Notice a few things already apparent; the CMakeLists.txt files are split up over all source directories, and are not in the include directories. This is because you should be able to copy the contents of the include directory to /usr/include or similar directly (except for configuration headers, which I go over in another chapter), and not have any extra files or cause any conflicts. That's also why there is a directory for your project inside the include directory. Use add_subdirectory to add a subdirectory containing a CMakeLists.txt.

You often want a cmake folder, with all of your helper modules. This is where your Find*.cmake files go. An set of some common helpers is at To add this folder to your CMake path:

Your extern folder should contain git submodules almost exclusively. That way, you can control the version of the dependencies explicitly, but still upgrade easily. See the Testing chapter for an example of adding a submodule.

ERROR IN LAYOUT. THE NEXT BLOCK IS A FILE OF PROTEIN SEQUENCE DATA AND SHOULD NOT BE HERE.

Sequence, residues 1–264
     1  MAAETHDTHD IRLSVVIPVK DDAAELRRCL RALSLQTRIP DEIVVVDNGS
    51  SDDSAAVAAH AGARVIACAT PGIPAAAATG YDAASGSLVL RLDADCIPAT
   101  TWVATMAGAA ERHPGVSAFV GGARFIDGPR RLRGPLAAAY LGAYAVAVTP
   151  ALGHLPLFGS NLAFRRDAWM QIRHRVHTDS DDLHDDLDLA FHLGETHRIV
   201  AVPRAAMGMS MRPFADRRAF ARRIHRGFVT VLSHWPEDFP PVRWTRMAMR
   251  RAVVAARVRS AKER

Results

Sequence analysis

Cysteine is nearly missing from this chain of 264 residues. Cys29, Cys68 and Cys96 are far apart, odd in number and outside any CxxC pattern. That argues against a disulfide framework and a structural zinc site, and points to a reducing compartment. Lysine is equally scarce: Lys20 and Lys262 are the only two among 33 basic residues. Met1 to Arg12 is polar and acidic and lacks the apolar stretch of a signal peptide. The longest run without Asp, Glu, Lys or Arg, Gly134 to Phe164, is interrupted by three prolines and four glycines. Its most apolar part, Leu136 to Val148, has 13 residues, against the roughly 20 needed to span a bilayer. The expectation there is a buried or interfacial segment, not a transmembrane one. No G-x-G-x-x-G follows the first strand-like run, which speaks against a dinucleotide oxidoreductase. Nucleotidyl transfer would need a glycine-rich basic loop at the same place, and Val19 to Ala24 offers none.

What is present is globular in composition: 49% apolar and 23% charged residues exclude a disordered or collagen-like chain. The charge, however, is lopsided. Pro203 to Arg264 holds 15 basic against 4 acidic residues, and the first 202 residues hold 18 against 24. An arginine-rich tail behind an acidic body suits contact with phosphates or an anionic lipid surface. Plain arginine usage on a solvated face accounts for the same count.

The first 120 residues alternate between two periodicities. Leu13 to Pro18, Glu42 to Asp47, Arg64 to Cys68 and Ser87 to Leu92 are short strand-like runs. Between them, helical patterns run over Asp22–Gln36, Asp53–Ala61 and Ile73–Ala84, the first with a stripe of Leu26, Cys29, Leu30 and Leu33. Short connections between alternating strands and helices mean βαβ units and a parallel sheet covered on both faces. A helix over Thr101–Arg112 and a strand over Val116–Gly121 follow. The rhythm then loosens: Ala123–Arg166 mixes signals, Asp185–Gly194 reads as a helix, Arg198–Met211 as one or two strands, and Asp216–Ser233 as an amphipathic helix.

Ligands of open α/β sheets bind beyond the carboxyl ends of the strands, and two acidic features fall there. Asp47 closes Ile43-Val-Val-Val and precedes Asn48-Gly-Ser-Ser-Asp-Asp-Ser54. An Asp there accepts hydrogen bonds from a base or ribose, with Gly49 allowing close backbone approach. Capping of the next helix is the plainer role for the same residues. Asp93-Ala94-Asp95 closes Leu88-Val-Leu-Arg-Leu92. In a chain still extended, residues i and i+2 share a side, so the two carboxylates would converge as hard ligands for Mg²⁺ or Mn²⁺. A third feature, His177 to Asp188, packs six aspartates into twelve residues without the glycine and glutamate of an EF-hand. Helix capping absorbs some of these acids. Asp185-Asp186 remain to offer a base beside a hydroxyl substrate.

You should have something like /build* in your .gitignore, so that users can make build directories in the source directory and use those to build. A few packages prohibit this, but it's much better than doing a true out-of-source build and having to type something different for each package you build.

Cmake Subdirectory Target


If you want to avoid the build directory being in a valid source directory, add this near the top of your CMakeLists:

Cmake Subdirectory

See the extended code example here.

Cmake Subdirectory Option


Cmake Subdirectory Dependency

This tutorial shows how to export a CMake library to a package and import it from a different project using the find_package() command. This works faster as referencing the library project’s directory using the add_subdirectory() command, as the exporting mechanism allows precisely selecting which targets to export. We will use Visual Studio to create a basic library project for Raspberry Pi with a cross-compiler, export it to a package and import it from another project.

Cmake Subdirectory Source Files

  1. Follow this tutorial to create a basic CMake library for Raspberry Pi and import it manually via add_subdirectory().